Aspen schools campus to go `pedestrian’ in the fall
Next fall, Aspen’s high school students will be driving less and walking more.
The 310 parking spaces will no longer be available on a first-come, first-served basis. The school will allot permits for the much-sought-after spots, and high school students will no longer be given carte blanche to roar onto the campus.
“The idea was borrowed from college campuses,” said Tom Farrell, superintendent of the Aspen School District. “We think we have a beautiful campus and the more you get rid of concrete and put in more green, the better the results.”
Only about half the senior class will be permitted to drive to school this September. All other students – including Colorado Mountain College students – will be evaluated for permits on an “as-need basis,” Farrell said. The campus will be gated to better control access.
The district’s four parking lots will be merged into two larger lots and street parking will be eliminated. High School Road will be narrowed and used only by emergency vehicles. It will form a horseshoe in front of the district offices that will be transformed into a “beautiful picnic area,” according to plans.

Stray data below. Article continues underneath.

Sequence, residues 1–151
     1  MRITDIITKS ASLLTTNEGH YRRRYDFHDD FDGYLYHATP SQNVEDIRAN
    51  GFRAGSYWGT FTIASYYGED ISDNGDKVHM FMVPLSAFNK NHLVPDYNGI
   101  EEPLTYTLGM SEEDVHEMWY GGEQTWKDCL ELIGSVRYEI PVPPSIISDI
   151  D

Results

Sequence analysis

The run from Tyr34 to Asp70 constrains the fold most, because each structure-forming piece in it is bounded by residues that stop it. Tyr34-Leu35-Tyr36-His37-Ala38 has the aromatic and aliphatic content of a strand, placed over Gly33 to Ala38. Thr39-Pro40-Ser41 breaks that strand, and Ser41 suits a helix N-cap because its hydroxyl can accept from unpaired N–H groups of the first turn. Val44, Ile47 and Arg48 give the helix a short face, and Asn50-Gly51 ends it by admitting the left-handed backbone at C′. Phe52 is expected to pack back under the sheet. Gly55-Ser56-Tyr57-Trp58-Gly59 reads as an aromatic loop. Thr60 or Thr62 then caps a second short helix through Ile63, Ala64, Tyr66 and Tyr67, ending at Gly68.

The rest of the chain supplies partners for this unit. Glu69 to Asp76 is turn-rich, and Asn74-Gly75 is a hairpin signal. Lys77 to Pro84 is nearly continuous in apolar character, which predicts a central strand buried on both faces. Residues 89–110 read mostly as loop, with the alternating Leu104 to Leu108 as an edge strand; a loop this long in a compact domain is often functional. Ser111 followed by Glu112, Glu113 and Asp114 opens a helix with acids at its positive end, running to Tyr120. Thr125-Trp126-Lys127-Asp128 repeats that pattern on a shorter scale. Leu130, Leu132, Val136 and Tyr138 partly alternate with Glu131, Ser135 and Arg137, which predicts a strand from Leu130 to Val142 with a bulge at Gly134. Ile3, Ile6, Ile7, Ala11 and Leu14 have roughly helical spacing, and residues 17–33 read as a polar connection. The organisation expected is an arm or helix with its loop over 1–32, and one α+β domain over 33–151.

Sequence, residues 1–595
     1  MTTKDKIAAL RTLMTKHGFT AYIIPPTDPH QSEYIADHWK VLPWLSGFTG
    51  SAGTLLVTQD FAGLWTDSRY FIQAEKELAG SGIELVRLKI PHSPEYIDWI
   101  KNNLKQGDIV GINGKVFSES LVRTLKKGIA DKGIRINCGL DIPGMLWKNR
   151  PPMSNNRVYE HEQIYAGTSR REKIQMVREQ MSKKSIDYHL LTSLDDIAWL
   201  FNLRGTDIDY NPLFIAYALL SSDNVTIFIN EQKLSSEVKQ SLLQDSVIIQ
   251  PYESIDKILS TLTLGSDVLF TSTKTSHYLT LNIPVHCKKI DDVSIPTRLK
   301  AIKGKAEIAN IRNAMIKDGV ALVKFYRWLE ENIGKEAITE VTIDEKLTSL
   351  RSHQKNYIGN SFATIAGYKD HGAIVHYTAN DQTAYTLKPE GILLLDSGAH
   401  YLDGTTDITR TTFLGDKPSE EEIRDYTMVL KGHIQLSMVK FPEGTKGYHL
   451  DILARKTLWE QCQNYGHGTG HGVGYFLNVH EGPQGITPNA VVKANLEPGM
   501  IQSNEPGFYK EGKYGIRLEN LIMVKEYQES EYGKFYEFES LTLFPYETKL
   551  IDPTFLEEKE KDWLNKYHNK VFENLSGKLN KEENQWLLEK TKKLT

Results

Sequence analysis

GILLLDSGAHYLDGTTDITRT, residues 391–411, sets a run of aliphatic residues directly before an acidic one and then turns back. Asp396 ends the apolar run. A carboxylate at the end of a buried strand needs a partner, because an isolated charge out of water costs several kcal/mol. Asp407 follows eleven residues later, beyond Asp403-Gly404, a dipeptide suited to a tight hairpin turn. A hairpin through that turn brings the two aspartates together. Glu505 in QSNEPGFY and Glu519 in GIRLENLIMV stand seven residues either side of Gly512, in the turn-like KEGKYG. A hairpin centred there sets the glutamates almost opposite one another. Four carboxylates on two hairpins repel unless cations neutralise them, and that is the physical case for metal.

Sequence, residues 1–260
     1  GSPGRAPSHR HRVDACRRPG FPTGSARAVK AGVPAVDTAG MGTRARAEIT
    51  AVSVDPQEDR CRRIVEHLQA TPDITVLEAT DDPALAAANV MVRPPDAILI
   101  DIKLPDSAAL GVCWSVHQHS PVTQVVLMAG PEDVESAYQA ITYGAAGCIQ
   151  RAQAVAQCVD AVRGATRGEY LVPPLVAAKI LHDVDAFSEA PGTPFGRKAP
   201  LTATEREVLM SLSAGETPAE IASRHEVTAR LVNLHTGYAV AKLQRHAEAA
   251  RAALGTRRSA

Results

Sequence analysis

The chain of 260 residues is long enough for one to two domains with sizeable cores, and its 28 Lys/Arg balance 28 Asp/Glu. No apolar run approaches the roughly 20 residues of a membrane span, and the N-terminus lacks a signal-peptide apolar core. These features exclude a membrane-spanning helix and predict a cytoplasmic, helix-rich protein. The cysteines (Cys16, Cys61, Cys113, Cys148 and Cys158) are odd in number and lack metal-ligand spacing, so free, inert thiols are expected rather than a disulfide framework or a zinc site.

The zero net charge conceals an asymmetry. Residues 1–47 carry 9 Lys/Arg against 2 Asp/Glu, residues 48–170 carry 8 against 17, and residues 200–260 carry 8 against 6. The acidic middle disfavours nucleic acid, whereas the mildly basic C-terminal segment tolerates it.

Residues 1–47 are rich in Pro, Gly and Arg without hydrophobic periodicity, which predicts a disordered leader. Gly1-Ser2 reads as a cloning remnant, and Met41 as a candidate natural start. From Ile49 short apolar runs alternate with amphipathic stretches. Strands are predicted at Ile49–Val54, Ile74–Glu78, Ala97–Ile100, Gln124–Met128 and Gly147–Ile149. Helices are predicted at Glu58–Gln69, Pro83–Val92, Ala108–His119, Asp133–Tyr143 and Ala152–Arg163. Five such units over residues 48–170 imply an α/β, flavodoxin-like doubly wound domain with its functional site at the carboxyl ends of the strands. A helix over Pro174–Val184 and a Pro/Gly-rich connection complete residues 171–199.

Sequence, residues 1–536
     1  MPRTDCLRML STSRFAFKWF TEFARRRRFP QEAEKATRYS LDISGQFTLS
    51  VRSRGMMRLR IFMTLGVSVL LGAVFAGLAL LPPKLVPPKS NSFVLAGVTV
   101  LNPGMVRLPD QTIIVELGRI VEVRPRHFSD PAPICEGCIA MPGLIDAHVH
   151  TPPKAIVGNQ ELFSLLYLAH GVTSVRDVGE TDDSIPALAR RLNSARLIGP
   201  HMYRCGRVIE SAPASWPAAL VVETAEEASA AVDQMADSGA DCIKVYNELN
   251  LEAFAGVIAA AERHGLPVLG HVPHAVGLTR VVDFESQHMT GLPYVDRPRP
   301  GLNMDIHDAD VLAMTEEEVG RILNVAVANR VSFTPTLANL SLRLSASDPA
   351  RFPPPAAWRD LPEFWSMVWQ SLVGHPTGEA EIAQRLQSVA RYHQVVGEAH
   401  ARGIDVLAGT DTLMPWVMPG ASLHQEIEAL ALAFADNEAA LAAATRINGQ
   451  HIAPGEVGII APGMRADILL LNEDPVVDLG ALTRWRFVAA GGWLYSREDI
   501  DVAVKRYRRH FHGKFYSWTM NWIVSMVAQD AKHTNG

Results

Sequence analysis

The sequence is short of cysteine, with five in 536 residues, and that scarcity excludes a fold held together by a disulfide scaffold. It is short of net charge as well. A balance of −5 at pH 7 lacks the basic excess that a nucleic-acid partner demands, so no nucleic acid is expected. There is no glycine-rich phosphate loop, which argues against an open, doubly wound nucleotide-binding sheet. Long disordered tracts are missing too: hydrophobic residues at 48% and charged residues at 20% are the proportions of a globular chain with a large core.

“The current parking was a haphazard configuration that didn’t really work for the district and definitely wouldn’t work for the recreation that’s coming,” said Jeff Woods, director of Aspen parks and open space.
The recreation he was referring to includes the building of four baseball fields, three soccer fields, and a vastly improved football field. Woods believes the new pedestrian-oriented campus will accommodate visitors in a more efficient manner.
Though the schools will have first shot at use of the new fields, the campus will become a focal point of “world class recreational opportunities for the entire community,” Woods noted. And, according to the parks director, the replacement of the district’s two “substandard” baseball fields and “non-championship” soccer and football fields could not have come at a better time.
Construction of the two baseball fields and the soccer field on the Moore property will begin this summer and should be completed by fall. Work on the fields planned at Iselin Park is scheduled to start in 2000, but the project may stall if a recreation bond isn’t passed in the upcoming May election.
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Bluebird skies, spring-like temperatures and a few inches of snow from Monday night’s storm helped Snowmass skiers and snowboarders cruise into the season Wednesday for opening day.